Broadly speaking, science is interested in answering questions and acquiring knowledge concerning the observable universe. Various research methods are used in an attempt to satisfy these interests. In future articles I’ll present a discussion of different research designs. But, before discussing the various designs used by researchers it is important to identify the goals of scientific research.
Goals of Scientific Research
Many researchers agree that the goals of scientific research are: description, prediction, and explanation/understanding. Some individuals add control and application to the list of goals. For now, I am going to focus on discussing description, prediction and explanation/understanding.
Description refers to the procedures used to define, classify and categorize subjects and their relationships. Descriptions allow us to establish generalizations and universals. By gathering information on a large group of people, for instance, a researcher can describe the average member or the average performance of a member of the specific group being studied.
Describing observations of large groups of people does not take away from the fact that there are important differences among individuals. That is, researchers merely attempt to describe subjects or events on the basis of average performance (generally speaking). Alternatively, description allows researchers to describe a single phenomenon and or observations of a single person.
In science, descriptions are systematic and precise. Scientific research makes use of operational definitions. Operational definitions characterize events, qualities and concepts in terms of observable operations, or procedures used to measure them.
Researchers are interested in describing only things that are relevant to the study. They have no interest in describing observations that are irrelevant to the investigation.
In addition developing descriptions, researchers make predictions. Descriptions of events often provide a basis for prediction. Predictions are sometimes made in the form of hypotheses, which are tentative, testable predictions concerning the relationships between or among variables. Hypotheses are frequently derived from theories, or interrelated sets of concepts that explain a body of data and make predictions.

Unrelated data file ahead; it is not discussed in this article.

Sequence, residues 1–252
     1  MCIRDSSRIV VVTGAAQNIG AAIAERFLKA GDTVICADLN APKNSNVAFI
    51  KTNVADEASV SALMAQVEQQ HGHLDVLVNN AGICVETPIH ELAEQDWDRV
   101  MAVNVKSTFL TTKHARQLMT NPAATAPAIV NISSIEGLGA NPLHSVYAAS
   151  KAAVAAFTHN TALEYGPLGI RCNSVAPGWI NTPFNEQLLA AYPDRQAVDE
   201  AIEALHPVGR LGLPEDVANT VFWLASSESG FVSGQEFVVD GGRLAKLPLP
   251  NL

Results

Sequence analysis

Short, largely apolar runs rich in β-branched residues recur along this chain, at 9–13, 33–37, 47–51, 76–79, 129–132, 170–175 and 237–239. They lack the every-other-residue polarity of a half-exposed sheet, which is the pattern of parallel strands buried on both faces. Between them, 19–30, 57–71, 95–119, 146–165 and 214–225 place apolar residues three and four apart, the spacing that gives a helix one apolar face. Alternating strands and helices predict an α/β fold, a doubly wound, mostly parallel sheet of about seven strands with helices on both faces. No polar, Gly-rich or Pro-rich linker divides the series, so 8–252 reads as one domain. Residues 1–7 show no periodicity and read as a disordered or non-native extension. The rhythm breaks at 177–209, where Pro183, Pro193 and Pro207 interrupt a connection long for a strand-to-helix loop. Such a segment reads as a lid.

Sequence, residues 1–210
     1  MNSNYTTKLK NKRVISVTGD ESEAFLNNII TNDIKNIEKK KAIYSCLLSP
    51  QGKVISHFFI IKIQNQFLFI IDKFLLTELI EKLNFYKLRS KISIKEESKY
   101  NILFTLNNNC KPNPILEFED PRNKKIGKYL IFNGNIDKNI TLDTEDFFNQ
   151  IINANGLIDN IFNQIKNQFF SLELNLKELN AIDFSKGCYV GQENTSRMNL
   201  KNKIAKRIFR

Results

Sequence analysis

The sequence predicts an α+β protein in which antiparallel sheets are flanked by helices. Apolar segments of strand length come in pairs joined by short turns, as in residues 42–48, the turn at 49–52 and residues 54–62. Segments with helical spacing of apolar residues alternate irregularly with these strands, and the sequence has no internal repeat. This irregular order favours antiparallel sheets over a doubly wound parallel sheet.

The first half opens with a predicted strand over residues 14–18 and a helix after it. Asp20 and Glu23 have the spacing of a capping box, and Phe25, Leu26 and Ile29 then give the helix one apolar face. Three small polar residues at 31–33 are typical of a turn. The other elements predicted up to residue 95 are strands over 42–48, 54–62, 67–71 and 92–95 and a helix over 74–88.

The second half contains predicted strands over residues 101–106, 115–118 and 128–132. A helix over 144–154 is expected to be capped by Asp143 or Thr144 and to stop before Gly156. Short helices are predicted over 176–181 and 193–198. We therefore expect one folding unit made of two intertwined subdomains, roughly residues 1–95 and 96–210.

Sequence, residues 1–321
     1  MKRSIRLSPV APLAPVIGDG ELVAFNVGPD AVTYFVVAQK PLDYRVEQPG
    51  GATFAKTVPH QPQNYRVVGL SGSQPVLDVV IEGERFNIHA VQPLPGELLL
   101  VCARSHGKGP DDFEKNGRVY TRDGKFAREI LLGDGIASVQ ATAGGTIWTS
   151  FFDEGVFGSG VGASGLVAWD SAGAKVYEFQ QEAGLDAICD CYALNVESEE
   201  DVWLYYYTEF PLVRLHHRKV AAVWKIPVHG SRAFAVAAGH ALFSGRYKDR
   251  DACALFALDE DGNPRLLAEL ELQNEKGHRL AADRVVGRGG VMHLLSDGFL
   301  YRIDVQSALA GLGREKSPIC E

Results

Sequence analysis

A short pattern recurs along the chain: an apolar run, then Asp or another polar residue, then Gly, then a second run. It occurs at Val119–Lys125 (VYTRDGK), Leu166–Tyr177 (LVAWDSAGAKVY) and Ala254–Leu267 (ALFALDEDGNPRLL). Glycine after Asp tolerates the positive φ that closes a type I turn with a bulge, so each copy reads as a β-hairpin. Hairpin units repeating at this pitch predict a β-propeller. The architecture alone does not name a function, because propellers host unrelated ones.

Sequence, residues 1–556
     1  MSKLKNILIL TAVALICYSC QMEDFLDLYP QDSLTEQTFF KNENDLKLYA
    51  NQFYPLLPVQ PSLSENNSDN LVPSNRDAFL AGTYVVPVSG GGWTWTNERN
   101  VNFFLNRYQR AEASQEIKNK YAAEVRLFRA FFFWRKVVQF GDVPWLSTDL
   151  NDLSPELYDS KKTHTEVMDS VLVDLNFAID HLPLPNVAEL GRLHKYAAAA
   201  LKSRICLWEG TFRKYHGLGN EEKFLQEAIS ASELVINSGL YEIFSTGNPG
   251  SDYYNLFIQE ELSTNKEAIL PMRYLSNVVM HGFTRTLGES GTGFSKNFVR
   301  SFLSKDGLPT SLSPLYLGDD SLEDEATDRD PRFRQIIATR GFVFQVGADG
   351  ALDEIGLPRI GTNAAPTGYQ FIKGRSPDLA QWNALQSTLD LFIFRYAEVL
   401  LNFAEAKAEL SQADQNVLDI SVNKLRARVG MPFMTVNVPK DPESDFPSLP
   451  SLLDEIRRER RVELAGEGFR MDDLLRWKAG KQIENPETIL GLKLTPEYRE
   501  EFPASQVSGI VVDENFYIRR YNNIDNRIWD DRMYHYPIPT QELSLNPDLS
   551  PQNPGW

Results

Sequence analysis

Prediction of later performance is of particular importance to researchers. For example:
- Does eating a low-calorie diet increase chances of living longer?
- Does undergraduate GPA predict how well one will do in graduate school?
- Do high levels of intelligence predict avoidance of cognitive biases?
When a variable can be used to predict another variable or variables we can say the variables are correlated. Correlation exists when different measures vary together, which makes it possible to predict values of one variable by knowing values of another variable.
Keep in mind predictions are made with varying degrees of certainty. Correlation coefficients state the degree of relationship between the variables in terms of both strength and direction of the relationship. In other words, correlation coefficients determine how well measures co-vary.
Arguably, the most important goal of scientific research is explanation. Explanation is achieved when the cause or causes of a phenomenon are identified. In order to determine cause and effect three pre-requisites are essential: covariation of events, proper time-order sequence and the elimination of plausible alternative causes.
- Covariation of events (relationship): The variables must correlate. To determine the relationship of two variables, it must be determined if the relationship could occur due to chance. Lay observers are often not good judges of the presence of relationships, thus, statistical methods are used to measure and test the existence and strength of relationships.
- Proper time-order sequence (time precedence): For 1 to cause 2, 1 must precede 2. The cause must precede the effect.
- Elimination of plausible alternative causes (non-spuriousness, or genuine): For a relationship between A and B to be nonspurious, there must not be a C that causes both A and B such that the relationship between A and B vanishes once C is controlled.
The most difficult condition to be met when determining cause and effect relationships is the elimination of other plausible causes.
Photo by Lisa Brewster, available under a Creative Commons attribution license.
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Last reviewed: By John M. Grohol, Psy.D. on 17 Apr 2011
Published on PsychCentral.com. All rights reserved.
Hale, J. (2011). Understanding Research Methodology 3: Goals of Scientific Research. Psych Central. Retrieved on August 21, 2014, from http://psychcentral.com/blog/archives/2011/04/17/understanding-research-methodology-3-goals-of-scientific-research/